Bulgaria’s security agency head faces resignation calls after addressing Parliament on anti-terror raid
The head of Bulgaria’s State Agency for National Security (SANS), Vladimir Pisanchev, has come under harsh political criticism from parties in government after his performance addressing a closed session of Parliament on anti-terror operations earlier this week.
The minority partner in the coalition cabinet, the centre-right Reformist Bloc, confirmed that during the behind-closed-doors sitting of the National Assembly, it had called for Pisanchev to resign.
Reformist Bloc MP General Atanas Atanassov, formerly with Bulgaria’s counter-intelligence service, told reporters, “we could not understand whether in Bulgaria there are radical Islamic sleeper cells, but we did understand that there is a sleeping cell, and that is SANS”.
Atanassov described Pisanchev’s briefing as “pointless and meaningless”.
The deputy leader of the majority partner in the coalition cabinet, former interior minister Tsvetan Tsvetanov, said that Pisanchev had failed to answer MPs’ questions.
Tsvetanov said, “we are highly concerned about the fact that Mr Pisanchev said that they were ‘watching’ the process but they have to know that one of SANS’s main functions is to counteract, not watch”.
SANS had no initiative, Tsvetanov said.
“We did not hear anything meaningful from him,” said Tsvetanov, who said that Pisanchev appeared to have forgotten that Bulgaria was a parliamentary republic and that Parliament was his “employer”.
GERB wanted legislative amendments in view of the changing dynamics of the security environment, Tsvetanov said.
At the early stages of the November 27 proceedings in the National Assembly, MPs for far-right Ataka walked out, dismissing the hearing as a “farce”.
After the briefing to MPs, Pisanchev confirmed to reporters that there had been MPs who had called for him to resign, but he declined to disclose who they were. He said that he would be prepared to resign if Parliament wanted this but indicated that he had no immediate plans to do so.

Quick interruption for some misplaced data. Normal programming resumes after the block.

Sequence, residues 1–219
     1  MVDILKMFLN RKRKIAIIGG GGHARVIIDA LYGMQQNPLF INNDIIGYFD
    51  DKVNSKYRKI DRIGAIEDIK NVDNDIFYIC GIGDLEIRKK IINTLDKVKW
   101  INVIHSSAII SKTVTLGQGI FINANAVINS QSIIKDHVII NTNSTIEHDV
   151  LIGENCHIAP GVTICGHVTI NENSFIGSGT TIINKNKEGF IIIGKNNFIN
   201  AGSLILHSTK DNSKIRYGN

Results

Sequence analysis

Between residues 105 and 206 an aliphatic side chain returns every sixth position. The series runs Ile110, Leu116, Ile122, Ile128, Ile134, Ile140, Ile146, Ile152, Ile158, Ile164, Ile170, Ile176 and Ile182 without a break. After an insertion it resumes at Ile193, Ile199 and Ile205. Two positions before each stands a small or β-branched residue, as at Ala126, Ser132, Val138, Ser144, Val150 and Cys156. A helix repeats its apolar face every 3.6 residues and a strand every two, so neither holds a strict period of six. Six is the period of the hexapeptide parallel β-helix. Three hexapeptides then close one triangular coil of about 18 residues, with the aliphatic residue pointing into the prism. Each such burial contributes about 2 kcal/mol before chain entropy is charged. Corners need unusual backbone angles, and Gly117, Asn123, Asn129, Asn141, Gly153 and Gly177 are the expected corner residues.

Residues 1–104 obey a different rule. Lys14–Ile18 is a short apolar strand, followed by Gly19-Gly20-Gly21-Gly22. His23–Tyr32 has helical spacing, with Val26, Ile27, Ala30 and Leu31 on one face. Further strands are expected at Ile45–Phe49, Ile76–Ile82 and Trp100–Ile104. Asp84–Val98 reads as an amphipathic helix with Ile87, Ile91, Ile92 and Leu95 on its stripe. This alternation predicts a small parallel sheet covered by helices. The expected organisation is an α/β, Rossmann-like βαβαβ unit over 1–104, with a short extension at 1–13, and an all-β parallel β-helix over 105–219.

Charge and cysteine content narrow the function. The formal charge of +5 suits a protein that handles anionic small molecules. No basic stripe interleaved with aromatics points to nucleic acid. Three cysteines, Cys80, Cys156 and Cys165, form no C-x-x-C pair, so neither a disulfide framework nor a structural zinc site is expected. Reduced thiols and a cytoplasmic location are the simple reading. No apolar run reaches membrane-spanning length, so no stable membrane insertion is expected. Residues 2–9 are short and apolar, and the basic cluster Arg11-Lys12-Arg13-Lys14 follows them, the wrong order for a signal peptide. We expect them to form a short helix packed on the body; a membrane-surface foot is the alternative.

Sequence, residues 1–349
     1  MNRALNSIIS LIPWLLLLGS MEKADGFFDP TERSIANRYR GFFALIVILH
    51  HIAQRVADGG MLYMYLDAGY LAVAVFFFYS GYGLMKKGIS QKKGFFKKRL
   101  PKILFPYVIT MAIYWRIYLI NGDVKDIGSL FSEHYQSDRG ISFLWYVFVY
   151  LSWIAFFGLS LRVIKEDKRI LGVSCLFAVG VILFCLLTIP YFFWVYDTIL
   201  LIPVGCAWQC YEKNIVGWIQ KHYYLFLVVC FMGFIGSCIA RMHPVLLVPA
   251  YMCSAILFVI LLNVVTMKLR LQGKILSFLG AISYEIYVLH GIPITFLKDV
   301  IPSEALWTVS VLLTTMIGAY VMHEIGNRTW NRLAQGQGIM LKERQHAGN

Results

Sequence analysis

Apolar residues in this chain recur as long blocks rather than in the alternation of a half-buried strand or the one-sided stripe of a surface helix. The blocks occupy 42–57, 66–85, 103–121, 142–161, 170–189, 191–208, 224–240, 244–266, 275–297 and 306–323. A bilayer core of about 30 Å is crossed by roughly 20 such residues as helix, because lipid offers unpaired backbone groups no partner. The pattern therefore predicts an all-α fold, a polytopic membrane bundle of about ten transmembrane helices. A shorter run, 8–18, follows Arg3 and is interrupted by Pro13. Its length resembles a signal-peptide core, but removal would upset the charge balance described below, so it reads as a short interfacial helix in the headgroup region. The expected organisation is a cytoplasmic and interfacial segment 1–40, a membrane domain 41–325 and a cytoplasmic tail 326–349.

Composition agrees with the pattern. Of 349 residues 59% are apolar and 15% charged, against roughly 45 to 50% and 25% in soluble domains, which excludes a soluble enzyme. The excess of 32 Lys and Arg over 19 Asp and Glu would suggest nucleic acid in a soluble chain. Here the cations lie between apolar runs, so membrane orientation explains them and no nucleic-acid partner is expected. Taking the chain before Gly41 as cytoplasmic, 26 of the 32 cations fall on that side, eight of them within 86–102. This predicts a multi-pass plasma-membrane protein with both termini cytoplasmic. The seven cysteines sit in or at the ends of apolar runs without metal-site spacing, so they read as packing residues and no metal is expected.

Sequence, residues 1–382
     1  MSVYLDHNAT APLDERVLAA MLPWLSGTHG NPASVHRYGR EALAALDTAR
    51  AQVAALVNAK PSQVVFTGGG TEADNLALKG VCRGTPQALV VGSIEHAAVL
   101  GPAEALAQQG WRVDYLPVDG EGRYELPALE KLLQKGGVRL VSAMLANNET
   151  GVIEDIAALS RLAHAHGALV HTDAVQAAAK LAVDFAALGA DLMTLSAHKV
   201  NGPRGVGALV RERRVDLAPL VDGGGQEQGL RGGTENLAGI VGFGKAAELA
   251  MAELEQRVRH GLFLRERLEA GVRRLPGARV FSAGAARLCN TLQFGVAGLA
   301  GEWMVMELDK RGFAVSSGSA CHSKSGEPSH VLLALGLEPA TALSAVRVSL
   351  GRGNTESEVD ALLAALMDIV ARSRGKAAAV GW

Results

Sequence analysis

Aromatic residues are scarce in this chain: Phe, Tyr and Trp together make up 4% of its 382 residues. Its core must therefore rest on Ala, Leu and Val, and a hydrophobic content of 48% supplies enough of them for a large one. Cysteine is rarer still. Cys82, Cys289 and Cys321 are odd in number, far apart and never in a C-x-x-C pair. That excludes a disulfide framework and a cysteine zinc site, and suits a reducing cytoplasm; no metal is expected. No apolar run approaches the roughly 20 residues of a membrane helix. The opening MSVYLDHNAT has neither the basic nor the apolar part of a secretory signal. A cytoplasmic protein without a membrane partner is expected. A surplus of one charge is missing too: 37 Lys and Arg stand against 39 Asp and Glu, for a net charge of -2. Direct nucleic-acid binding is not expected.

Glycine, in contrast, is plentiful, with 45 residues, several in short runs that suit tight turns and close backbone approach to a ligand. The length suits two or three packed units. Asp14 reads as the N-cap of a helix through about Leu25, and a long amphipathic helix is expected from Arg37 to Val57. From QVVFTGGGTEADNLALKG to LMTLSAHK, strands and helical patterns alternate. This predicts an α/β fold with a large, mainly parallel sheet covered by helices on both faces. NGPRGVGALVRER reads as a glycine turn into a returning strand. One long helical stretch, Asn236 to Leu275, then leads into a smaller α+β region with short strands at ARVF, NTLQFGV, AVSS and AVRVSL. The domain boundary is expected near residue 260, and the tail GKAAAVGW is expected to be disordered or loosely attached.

“I was accused of minimalism, but no matter. I think everyone had the opportunity express an opinion.”
Pisanchev told reporters that there was no immediate terrorist threat to Bulgaria, but said that there was still danger: There is such a risk, because we have a conflict that is growing. We have a real threat that we must be very careful about”.
Meanwhile, Hussein Hafuzov, an MP for the Movement for Rights and Freedoms – the party led and supported in the main by Bulgarians of Turkish ethnicity, many of them Muslim – told reporters on November 26 that the raid the previous day was groundless and he saw it as a political move made in support of the propaganda of “a certain political formation” – likely a reference to the Patriotic Front, the nationalist coalition currently supporting the government.
Pisanchev became head of SANS in July 2013 after the abortive appointment of Delyan Peevski prompted widespread public protests. Pisanchev had been appointed deputy head of SANS in 2012 by Boiko Borissov, then in his first term of office as head of government.
SANS came into existence in January 2008 after being legislated by the then-tripartite coalition led by the Bulgarian Socialist Party.
In 2013, under the now-departed ruling axis, the National Centre for Combating Organised Crime was merged into it, a move that the current government is expected to reverse.
Interior Ministry Act amendments being proposed by GERB would appear to open the way, if approved, to oust Pisanchev as head of SANS.